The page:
Toyota has unveiled a new Hybrid Crossover C-HR Concept Vehicle. The C-HR concept making its debut at the Paris Motor Show this week. It’s a concept showing forward-thinking design that hints at “a type of crossover vehicle Toyota would like to bring to market,” according to the automaker’s release, and it rides on an all-new platform and uses a hybrid powertrain.
According to Toyota, the C-HR Concept represents a synthesis of 20 years of Toyota creativity. It recaptures the design and packaging ingenuity that produced the original RAV4, introduces the next generation of the sophisticated full hybrid technology that was first realised in Prius, and, inspired by the GT86, targets new levels of dynamism and agility.
It is an innovative design study for a stylish, lightweight C-segment crossover that will stand out in an increasingly homogenous market, and is the next physical expression of the promise Akio Toyoda made when became Toyota President to build cars with stronger emotional qualities that will make their owners fall in love with driving again.
The C-HR Concept has the essential combination of compact packaging and agility required by customers with active, urban lifestyles.
It has been conceived around a new vehicle platform design to satisfy customer demand for excellent handling and control. A new, advanced full hybrid powertrain delivers an engaging driving experience that can deal with 21st century traffic conditions and deliver outstanding efficiency.
New vehicle architecture
The C-HR Concept introduces a new Toyota vehicle architecture. The sculpted lower bodywork presents a precision-cut, faceted look, while the corners of the bodyshell have been cleanly shaved off, reducing overall mass and emphasising the powerful flaring of the wheel arches. Viewed from every angle, the crossover concept has a broad, planted stance.
The frontal styling displays a further development of Toyota’s current style language, but with new themes that hint at a future design direction. The slim upper grille design has evolved in to a floating ‘wing’ graphic that flows seamlessly around the front corners of the vehicle to the apex of each wing. Within this wing shape, the headlamps feature strong detailing, including a high-tech, 3D treatment of the daytime running lights.
Adding emphasis to the corners of the vehicle further reinforces the vehicle’s solid look. The large lower grille is flanked by strongly sculpted downward projections, underscored by a floating front spoiler.
The faceted lower body, muscular wheel arches and angular rear shoulders are juxtaposed with a sleek cabin profile. The glasshouse is emphasised by a sweeping, uninterrupted extension of the side glazing into the rear screen. This creates a slim, floating roofline, tipped with a spoiler. Its length is exaggerated by residual C-pillars which taper to needle points either side of the rear screen.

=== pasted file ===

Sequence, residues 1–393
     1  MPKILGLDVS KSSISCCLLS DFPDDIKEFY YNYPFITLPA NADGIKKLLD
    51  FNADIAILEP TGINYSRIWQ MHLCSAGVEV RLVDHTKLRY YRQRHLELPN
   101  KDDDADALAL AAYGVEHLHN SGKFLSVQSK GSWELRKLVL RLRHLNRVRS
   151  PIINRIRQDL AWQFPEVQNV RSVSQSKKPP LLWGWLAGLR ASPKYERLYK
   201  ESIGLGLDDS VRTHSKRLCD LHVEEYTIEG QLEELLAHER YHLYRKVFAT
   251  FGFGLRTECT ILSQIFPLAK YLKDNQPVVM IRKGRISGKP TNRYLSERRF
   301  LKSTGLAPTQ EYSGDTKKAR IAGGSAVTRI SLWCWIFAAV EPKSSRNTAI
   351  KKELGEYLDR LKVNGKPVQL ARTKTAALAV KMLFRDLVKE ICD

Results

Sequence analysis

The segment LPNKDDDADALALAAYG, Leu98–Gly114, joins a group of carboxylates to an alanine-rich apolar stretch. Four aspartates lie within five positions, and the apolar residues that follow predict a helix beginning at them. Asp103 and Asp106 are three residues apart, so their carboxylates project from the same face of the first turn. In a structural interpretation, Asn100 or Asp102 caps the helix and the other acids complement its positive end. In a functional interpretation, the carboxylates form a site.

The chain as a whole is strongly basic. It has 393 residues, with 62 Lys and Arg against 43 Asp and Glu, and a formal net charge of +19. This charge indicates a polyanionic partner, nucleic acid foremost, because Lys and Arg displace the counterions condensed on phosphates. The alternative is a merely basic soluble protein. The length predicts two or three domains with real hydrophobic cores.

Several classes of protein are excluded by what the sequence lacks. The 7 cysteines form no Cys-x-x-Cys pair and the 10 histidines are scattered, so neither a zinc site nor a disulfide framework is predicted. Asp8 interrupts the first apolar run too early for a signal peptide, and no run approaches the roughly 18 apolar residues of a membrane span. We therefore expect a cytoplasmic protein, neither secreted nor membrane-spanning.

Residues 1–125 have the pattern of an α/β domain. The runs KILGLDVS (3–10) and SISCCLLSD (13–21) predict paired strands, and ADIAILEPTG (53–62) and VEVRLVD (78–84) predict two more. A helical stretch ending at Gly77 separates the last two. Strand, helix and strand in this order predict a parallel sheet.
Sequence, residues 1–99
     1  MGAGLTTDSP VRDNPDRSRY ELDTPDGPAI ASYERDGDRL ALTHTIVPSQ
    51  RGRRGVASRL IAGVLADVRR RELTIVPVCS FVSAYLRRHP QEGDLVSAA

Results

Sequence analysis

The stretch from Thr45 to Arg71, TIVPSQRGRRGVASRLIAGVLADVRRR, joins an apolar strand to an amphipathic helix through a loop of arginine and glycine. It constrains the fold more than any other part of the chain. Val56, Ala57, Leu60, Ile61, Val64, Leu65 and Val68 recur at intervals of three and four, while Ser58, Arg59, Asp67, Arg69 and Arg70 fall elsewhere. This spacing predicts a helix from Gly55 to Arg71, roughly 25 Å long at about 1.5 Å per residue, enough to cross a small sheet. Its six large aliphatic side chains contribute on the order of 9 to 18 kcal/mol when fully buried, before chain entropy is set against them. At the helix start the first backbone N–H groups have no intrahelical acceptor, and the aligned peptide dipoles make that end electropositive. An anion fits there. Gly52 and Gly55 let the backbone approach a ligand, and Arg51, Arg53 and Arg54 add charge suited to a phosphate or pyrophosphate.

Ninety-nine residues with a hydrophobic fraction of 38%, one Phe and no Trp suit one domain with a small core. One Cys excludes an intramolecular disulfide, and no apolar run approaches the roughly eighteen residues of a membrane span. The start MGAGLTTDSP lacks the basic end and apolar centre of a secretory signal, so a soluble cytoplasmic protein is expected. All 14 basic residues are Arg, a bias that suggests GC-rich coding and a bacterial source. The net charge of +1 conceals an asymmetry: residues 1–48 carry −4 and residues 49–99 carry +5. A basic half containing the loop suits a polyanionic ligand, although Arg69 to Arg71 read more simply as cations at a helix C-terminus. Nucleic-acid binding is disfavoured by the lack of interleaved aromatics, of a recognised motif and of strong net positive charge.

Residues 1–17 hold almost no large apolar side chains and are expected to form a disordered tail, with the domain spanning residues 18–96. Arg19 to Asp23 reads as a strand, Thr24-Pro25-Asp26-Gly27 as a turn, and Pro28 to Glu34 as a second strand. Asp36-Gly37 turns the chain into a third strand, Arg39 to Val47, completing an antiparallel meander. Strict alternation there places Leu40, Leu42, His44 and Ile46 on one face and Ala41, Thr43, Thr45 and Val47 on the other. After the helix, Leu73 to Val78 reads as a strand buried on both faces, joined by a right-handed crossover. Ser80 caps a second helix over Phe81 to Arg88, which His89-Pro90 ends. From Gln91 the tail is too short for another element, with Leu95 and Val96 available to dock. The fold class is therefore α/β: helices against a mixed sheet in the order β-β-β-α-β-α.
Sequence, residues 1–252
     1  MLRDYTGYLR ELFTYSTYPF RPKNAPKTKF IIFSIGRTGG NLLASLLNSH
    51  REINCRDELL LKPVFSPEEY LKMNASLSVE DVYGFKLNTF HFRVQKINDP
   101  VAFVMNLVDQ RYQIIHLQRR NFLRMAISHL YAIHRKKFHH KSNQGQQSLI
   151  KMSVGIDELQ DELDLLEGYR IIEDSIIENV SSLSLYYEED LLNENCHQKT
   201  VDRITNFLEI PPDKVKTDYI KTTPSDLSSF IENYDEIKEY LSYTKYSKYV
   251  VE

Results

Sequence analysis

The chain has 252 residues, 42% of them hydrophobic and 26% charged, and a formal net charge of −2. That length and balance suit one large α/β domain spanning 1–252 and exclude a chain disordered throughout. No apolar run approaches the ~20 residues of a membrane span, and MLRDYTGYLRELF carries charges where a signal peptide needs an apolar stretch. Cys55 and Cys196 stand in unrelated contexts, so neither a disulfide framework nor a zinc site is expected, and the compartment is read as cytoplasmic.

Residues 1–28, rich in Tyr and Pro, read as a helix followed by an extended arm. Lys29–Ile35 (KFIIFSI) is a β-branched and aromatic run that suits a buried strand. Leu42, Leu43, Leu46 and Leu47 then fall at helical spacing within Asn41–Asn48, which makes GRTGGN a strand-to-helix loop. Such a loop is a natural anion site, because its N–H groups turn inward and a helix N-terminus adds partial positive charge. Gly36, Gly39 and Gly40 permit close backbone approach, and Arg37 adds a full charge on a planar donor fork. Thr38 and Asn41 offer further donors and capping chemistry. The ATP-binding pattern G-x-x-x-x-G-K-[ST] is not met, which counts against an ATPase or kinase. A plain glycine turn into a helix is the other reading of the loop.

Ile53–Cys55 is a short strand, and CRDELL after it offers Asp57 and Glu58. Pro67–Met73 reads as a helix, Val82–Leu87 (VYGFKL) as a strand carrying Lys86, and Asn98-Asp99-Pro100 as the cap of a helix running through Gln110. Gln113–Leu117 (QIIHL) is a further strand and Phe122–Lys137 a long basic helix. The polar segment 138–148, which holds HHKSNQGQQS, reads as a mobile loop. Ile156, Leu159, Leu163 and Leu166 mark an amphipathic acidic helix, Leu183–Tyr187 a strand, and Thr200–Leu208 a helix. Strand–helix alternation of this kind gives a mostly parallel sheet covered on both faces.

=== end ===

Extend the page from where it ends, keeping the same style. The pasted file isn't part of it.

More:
The floating roof has patterned openings that create a lively play of light in the cabin. Seen from the rear, the sharply tapering glasshouse emphasises the car’s broad, planted appearance. The rear end displays the same faceted treatment and corner detailing as the front of the vehicle, together with distinctive, aero-inspired floating light clusters.
A dedicated wheel design reinforces the concept’s crossover credentials, with blade-style spokes.
New platform and powertrain
The C-HR Concept is built on a new platform and measures 4,350mm long, 1,850mm wide and 1,500mm high. A lower centre of gravity and greater structural rigidity will contribute to much improved driving dynamics.
It uses a new full hybrid powertrain that will deliver significantly improved fuel efficiency.
A global project rooted in the European market
The C-HR Concept is another tangible manifestation of Toyota’s new Global Vision, first advocated by Akio Toyoda in 2011.
Toyota recognises that Europe is the most demanding market for small and mid-size vehicles, so uses the region as the benchmark when defining its future cars for the A, B and C-segments. Toyota Motor Europe has also become the company’s skill centre for diesel engines, perceived quality and vehicle dynamics.
In the case of the C-HR Concept, there was close co-operation between Toyota’s product planning centres in Japan in order to gain a good understanding of the latest European customer demands and vehicle trends. The concept’s styling is the result of co-operation between Toyota design centres, including ED2, its European design development studio.
Toyota Europe will continue to work hand-in-hand with Toyota Motor Corporation in Japan to enter the C-crossover segment.
Hybrid vehicles are now widely accepted as a mainstream choice by consumers, thanks to excellent fuel and emissions efficiency that doesn’t require sacrifices in cabin space, ease of driving or comfort. This means they can play an important role in the commercialisation of eco-cars.
The widespread acceptance of hybrid is reflected in more than seven million cumulative sales of Toyota and Lexus hybrid vehicles since the launch of the first Prius in Japan in 1997.
In Europe, the total has reached 780,000 since Prius went on sale here in 2000, with growth driven by the success of Yaris Hybrid and Auris Hybrid. This regional figure accounts for more than 10 per cent of global hybrid sales.
In the first eight months of 2014, Toyota and Lexus hybrid sales reached 107,000, which is 28 per cent of total Toyota group sales in western Europe. During the same period in the same area (31 countries, including the EU states, Switzerland, Norway and Iceland), Yaris achieved a 31 per cent share of hybrid sales, while hybrid versions claimed more than 50 per cent of all Auris and Auris Touring Sports sales.